Written and illustrated by the Eisner Award Winning team of Brian Michael Bendis and Alex Maleev, 'Spider-Woman: Agent of S.W.O.R.D.' features Jessica Drew AKA Spider-Woman as she joins an alien hunting taskforce and travels to the fictional island of Madripoor to track down some evil extra terrestrials called the Skrull. Unlike Iron Man's adventure, this comic is drenched in Marvel's deep and complicated continuity and specifically deals with the fallout of one of their major companywide storylines. As such, those unfamiliar with the character and her recent hardships will be completely lost.
While there is some value to be found here, unfortunately, the writing and animation leave quite a bit to be desired. Unlike the previous series, Maleev's gritty style does not lend itself well to this process. Animation is much more limited here with very little movement beyond simple pans and there is no lip syncing. The use of CG additions is also much more jarring and unimpressive. Though the art itself is great, it seems little effort has been made to take it to the next level. Voice acting is also not as strong and many attempts at humor fall completely flat because of poor performance choices. Action is also fairly limited and the story is even more dialogue intensive which doesn't exactly make for an engaging watch. On top of all that, the plot itself is quite meandering and convoluted.
Overall, 'Marvel Knights Spider-Woman: Agent of S.W.O.R.D. / Iron Man: Extremis' is a pretty mediocre collection. 'Iron Man: Extremis' is visually impressive with decent production value, but its plot is lacking, and unfortunately 'Spider-Woman: Agent of S.W.O.R.D.' is unimpressive on all fronts. While all of the creators involved here are very talented, neither of these stories are among their best work. Though there certainly is a strong bond between cinema and comics and each of these series has strong cinematic qualities, all these motion comics really do is serve to emphasize the stark differences between the mediums. These stories may have read well on the page, but for the most part, they don't play well on the screen.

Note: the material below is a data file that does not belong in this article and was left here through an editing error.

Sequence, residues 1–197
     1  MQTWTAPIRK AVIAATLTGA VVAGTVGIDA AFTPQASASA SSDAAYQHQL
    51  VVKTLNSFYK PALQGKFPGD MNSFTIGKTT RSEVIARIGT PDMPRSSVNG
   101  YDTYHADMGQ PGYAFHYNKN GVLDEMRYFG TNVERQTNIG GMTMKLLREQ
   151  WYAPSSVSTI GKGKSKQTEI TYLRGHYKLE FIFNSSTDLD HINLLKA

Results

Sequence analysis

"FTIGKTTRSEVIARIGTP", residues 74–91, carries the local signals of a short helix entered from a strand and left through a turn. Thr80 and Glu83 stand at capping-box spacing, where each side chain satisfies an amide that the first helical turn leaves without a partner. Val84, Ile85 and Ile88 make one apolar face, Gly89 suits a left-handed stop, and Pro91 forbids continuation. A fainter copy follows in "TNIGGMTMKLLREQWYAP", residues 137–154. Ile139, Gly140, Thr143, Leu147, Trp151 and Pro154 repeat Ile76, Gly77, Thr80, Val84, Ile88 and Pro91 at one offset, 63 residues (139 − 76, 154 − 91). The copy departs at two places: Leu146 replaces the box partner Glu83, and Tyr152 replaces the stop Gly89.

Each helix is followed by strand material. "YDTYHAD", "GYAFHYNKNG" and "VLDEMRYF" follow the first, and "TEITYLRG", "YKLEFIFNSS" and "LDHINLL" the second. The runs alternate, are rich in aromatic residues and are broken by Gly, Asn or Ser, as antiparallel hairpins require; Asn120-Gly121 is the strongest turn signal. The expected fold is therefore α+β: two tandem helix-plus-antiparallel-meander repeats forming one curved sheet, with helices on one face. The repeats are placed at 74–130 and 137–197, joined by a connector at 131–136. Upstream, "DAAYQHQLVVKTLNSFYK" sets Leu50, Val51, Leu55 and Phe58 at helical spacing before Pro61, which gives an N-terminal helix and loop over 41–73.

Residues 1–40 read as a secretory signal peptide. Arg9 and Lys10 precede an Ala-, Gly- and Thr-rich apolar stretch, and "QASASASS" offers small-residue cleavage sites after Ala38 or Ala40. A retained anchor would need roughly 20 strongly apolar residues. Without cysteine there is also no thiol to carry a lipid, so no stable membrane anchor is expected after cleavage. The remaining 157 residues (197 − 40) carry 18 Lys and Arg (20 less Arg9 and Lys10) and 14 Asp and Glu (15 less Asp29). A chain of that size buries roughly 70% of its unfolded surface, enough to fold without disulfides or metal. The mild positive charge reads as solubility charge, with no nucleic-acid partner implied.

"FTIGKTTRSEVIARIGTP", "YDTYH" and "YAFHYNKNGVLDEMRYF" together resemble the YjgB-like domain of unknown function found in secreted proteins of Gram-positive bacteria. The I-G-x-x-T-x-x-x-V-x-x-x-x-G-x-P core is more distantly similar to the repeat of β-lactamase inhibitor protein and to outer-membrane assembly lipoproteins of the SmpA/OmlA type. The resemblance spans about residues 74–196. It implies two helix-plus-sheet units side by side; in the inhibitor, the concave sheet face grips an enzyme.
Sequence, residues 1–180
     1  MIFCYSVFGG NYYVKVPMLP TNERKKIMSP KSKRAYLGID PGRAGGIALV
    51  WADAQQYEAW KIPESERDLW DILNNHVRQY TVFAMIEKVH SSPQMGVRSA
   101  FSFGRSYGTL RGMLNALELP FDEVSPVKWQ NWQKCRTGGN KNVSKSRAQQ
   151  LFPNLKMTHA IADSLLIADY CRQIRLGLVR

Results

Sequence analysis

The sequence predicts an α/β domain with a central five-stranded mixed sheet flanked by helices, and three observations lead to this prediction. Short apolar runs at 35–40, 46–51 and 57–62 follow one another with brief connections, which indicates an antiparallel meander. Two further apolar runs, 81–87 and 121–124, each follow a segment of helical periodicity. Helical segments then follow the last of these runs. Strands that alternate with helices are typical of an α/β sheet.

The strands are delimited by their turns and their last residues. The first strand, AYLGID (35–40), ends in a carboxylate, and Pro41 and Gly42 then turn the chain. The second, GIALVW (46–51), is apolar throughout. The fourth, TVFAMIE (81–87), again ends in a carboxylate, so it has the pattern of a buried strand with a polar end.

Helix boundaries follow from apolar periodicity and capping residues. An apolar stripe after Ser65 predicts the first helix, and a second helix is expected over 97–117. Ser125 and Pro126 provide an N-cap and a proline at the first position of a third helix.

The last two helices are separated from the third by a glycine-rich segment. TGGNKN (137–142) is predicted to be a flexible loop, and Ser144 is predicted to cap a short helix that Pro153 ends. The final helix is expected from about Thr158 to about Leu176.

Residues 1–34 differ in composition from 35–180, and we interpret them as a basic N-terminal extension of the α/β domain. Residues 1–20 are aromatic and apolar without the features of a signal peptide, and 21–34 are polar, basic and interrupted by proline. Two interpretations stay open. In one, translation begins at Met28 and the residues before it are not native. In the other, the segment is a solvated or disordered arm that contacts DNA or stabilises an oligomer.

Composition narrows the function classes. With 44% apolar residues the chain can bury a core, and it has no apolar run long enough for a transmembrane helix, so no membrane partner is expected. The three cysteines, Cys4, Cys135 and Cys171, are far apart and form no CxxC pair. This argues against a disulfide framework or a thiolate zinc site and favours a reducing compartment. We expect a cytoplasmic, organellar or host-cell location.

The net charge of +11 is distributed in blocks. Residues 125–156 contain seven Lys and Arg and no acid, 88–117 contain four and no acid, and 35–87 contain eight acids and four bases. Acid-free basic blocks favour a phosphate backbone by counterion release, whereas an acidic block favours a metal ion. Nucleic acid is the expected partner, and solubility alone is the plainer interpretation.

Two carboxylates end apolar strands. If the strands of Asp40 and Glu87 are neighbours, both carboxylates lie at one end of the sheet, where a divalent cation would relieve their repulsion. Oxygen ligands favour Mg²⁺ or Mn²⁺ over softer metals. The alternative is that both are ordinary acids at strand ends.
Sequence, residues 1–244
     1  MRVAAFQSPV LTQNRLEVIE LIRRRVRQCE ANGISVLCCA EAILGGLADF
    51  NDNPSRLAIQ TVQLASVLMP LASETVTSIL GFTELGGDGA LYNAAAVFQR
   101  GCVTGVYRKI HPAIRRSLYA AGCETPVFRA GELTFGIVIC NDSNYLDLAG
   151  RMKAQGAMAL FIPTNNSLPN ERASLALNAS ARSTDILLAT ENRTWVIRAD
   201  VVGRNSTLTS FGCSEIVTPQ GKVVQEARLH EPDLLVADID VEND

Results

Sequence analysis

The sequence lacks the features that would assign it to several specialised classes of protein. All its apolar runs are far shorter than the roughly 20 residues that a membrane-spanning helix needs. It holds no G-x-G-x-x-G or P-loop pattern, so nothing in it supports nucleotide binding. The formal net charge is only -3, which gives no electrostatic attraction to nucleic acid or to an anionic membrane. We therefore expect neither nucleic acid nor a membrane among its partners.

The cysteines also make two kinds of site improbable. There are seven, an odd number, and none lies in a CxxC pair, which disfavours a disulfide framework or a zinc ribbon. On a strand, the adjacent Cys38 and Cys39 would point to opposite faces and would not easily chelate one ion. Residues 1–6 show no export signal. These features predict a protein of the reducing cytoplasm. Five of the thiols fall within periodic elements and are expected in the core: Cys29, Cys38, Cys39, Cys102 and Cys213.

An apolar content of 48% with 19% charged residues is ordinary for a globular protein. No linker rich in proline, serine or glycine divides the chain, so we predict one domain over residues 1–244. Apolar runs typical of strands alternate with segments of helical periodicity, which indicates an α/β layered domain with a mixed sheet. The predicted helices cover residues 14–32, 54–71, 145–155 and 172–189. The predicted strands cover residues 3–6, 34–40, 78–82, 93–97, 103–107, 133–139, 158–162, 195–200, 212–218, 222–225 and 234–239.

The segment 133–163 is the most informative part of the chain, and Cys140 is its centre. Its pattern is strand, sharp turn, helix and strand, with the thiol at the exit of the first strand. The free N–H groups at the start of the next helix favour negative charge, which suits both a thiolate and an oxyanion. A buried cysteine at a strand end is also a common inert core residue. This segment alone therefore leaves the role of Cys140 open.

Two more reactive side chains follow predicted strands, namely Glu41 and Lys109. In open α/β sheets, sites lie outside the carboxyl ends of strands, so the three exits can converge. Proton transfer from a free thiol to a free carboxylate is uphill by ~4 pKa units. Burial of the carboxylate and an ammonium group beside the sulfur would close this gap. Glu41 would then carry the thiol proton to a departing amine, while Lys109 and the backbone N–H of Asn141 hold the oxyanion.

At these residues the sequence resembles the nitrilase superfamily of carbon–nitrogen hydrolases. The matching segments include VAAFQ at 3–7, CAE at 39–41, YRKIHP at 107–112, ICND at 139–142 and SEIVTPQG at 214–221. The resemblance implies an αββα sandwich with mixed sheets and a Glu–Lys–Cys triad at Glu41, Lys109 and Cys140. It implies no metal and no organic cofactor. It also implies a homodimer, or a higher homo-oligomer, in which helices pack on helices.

Both series are presented in 1080p/AVC transfers in the 1.78:1 aspect ratio, and actually look quite strong.
Both titles feature great detail that show off the distinct and impressive visual styles of their respective artists. Granov's realistic painted work carries a rich, almost three dimensional quality and Maleev's dark, rough pencils soak the screen with thickly textured noir influenced images. Black levels and contrast are mostly great though the blacks in Spider-Woman can sometimes appear a bit blue. Colors are beautifully realized, popping off the screen with both neon intensity and realistic boldness.
On the downside, there are some instances of aliasing around the edges of characters and objects, though this is more noticeable during Spider-Woman than Iron Man. Also, the Spider-Woman series features some visible noise, though this may have been intentionally added to bolster the gritty style of Maleev's artwork.
Overall, the transfer here lets the fantastic work of the artists shine through, providing a pleasing and sometimes impressive presentation.
'Iron Man: Extremis' is presented in a DTS-HD Master Audio 5.1 track and 'Spider-Woman: Agent of S.W.O.R.D.' is presented in a DTS-HD Master Audio 2.0 track. Neither have any subtitle options.
The Spider-Woman audio is surprisingly robust for a stereo track and features crisp dialogue and strong directionality. Dynamic range and bass are decent, though certainly not demo worthy and balance between all the effects is good.
Iron Man features a respectable 5.1 mix that also includes clean dialogue. Directionality is good and rears are fairly lively with appropriate effects. Though imaging can be a bit unnatural at times, overall the work here is strong and provides a decent level of immersion. Dynamic range and bass are good, but not fantastic, and balance is well implemented.
Overall, both of these audio tracks serve their stories well and are technically proficient.
Shout Factory has included a slim but mildly interesting assortment of supplements which offer some insights into the motion comic process. All of the features are presented in standard definition with Dolby Digital 2.0 tracks and no subtitle options unless otherwise noted.
In the end, 'Marvel Knights Spider-Woman: Agent of S.W.O.R.D. / Iron Man: Extremis' is an unfortunately lackluster collection of comics. Though the motion process is at times impressive, the series themselves aren't that strong. Video and audio are solid though, and supplements are decent. Overall, this release will only appeal to big fans of these characters and their comics.